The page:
In My Seasonal Camouflage

August 23, 2016



According to Deborah Leigh’s system of reading playing cards, the 10 of diamonds is about money, but a neutral card, neither good nor bad.

I took one look at this Ptarmigan photograph and thought “That’s me, hiding in the foliage.” Our exterior home renovation is taking much longer than planned, and when we took the concrete steps out we found a glitch, so I’ve gone from feeling fairly positive about repairs and such to feeling overwhelmed, worried, and hiding. As well, the spouse pushed me into hours and hours (when I only wanted to do two hours at a time so I wouldn’t hurt myself) of painting wood trim with a brush and it’s set off my carpal tunnel, tendinitis, and pain and fatigue. He could care less and is simply ignoring me.

So, I’m hiding in plain site, camouflaged in a chair reading several mysteries. I can’t hold a pen and my typing is limited to a few minutes at a time. I can’t do anything but rest. Instead of carefully balancing what I can do to avoid nerve damage and pain, I’m knocked out of living altogether. Blah.

Of course, I know nothing about ptarmigans. This is the Rock Ptarmigan (Lagopus mutus), and is a female in her summer plumage. They are the only birds to turn white in the winter to blend in with the snow, and brown in the spring and summer to blend with foliage. They are a subfamily of the grouse family.

Hide from the unpaid bills little bird, read the book Smoke by Dan Vyleta when you finish the current book.

Incidentally, I could never remember how to spell the word “camouflage” until studying a card one day a few years ago, I needed to spell it quite a bit in my write-up and it cemented itself in my spelling mind.

So there you go, cards at the fore of education and intellectual growth again!


Mulish Thoughts on Subtle Differences

July 18, 2016

I’ve been unable to use the computer much after practically doing the splits when I slipped on the kitchen floor while cleaning up, and then slamming my arm and shoulder into the counter while trying to hold myself up until the spouse came and grabbed one of my legs. How embarrassing, and the lump and bruises on my arm set up nerve pain.

So, I’ve been using my arm gently and catching up on last year’s sketches on my Manner and Material blog. Three more to go and I can get on with this year’s project and crack open my nice Stillman & Birn Zeta journal.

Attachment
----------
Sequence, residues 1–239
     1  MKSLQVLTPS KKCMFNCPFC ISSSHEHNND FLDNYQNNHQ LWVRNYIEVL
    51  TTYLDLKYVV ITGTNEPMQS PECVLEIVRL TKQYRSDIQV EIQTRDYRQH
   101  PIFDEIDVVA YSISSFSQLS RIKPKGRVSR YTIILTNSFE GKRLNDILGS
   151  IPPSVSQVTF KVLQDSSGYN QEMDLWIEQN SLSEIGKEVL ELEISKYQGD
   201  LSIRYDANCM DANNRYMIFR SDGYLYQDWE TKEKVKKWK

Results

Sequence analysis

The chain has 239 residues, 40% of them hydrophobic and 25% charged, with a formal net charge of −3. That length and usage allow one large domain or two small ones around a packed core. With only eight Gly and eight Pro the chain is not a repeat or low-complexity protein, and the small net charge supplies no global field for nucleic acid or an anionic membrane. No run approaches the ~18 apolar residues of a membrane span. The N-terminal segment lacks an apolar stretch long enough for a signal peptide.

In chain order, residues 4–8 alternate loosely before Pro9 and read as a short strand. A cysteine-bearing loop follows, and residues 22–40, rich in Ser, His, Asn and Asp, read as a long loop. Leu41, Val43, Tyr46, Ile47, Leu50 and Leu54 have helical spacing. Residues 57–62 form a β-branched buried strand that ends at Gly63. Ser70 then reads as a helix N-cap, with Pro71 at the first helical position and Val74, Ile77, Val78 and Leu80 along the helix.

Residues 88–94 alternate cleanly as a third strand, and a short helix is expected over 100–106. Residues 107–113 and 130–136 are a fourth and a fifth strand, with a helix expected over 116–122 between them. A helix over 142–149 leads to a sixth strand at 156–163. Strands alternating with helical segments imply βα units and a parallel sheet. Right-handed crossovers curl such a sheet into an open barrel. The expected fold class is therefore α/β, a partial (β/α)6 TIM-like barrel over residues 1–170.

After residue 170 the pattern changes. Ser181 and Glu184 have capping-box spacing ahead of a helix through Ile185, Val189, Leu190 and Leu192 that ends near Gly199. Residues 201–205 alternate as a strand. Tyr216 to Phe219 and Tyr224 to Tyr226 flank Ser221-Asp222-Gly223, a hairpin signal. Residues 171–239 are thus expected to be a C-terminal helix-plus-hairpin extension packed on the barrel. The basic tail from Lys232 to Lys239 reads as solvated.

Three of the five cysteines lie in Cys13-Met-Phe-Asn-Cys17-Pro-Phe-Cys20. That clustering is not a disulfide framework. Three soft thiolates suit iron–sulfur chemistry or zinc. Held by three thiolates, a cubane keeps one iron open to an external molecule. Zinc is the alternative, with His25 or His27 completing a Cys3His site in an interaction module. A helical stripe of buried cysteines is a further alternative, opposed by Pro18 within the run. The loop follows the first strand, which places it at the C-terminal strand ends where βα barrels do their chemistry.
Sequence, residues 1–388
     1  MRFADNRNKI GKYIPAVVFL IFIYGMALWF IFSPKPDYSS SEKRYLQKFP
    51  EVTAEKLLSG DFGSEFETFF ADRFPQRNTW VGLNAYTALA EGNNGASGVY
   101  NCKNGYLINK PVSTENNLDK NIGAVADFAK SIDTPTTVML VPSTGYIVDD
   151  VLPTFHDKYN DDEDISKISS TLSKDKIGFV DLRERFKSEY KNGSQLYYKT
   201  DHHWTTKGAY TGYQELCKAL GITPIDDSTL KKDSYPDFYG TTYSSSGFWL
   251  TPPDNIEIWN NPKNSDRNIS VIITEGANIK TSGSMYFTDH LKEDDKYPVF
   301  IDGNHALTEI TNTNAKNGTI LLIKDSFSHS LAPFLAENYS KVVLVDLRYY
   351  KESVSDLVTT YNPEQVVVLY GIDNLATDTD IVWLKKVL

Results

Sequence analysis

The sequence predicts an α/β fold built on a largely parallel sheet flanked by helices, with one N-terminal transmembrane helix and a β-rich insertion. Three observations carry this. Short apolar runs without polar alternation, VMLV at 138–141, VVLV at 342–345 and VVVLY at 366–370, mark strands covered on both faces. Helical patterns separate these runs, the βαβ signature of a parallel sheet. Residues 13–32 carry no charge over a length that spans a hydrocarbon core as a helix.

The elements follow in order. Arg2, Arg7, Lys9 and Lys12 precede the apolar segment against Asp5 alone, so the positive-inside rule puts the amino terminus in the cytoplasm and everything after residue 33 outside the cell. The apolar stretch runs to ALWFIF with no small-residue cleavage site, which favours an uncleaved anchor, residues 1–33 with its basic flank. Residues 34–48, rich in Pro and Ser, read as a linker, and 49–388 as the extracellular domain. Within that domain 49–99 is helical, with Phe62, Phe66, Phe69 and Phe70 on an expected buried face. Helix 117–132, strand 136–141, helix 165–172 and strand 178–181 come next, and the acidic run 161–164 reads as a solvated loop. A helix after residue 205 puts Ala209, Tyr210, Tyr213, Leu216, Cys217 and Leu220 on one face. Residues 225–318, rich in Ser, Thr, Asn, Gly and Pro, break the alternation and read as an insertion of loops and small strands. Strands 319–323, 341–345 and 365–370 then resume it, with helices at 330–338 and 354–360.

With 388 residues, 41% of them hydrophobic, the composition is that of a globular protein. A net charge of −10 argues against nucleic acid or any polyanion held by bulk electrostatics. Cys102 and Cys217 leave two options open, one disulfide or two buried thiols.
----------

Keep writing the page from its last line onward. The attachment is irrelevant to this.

I was fortunate to have a friend send me a deck of playing cards called Discover Canadian Wildlife which has 52 different images. The irony being that he found the deck in the UK and mailed it over here!

I do love playing cards. As a sub-genre of my main deck collection, I have 64 playing card decks, many of them unusual. I like to learn about animals and this makes a great addition to all my animal decks, tarot or otherwise.

8 OF CLUBS – Mule Deer


When I looked at this I thought “Oh, it’s a white-tailed deer” which it is in general, except the tail has a black tip. Mule deer have slightly different antlers and huge mule-like ears, and are found in western North America rather than the east.

We get a lot of deer around here, which seem to be of the black-tailed variety, perhaps the Columbian Black-Tailed deer. Still, in my ignorance I really don’t know about anything except the white-tailed deer we saw in Ontario. This is the joy of card decks and spotting new animals when you move to a new region.

This reminds me that a quick glance can make you assume things that aren’t true. Always a danger.



The Sandveld Kid Practices Foundational Hand

April 25, 2015

Foraging through the Foundational Hand Forest, the Northern Black Korhaan (a.k.a. the White-quilled Bustard) kept singing “4 a.m., 4 a.m.” and wondering if the ringing in his ear would ever stop. He cancelled the order for his James Ricklef book and ordered two books on drawing and painting portraits. Now he’s strutting along feeling pretty chuffed with himself.

Northern Black Korhaan – (Afrotis afraoides)


Deborah Leigh says the 4 of Clubs means misfortune but what kind of misfortune is up to you to decide. Then later on she states it’s a major setback. It’s never just black and white.

This bird is found in the north part of South Africa, so it reminds me of a friend who has been enduring the riots down there for weeks. Mr. Korhaan eats seeds and insects, walking along pecking, catch-as-catch-can.

A reminder that foraging through life for what you need is not a bad thing, more like a daily condition, as is misfortune. I’m not sure if this is cynicism or merely pragmatism. I don’t expect misfortune but it peeks out and says “Gotcha!” and I have to deal with that.

Calligraphy practice hurts my arm, which feels a bit defeating, but a page a day might be manageable. Bustards don’t have a lot of patience when writing the letter “g” but they carry on, wearing their Tensor cuff and trying to protect their sore arms.

Bet you didn’t know that.

That’s why I’m here.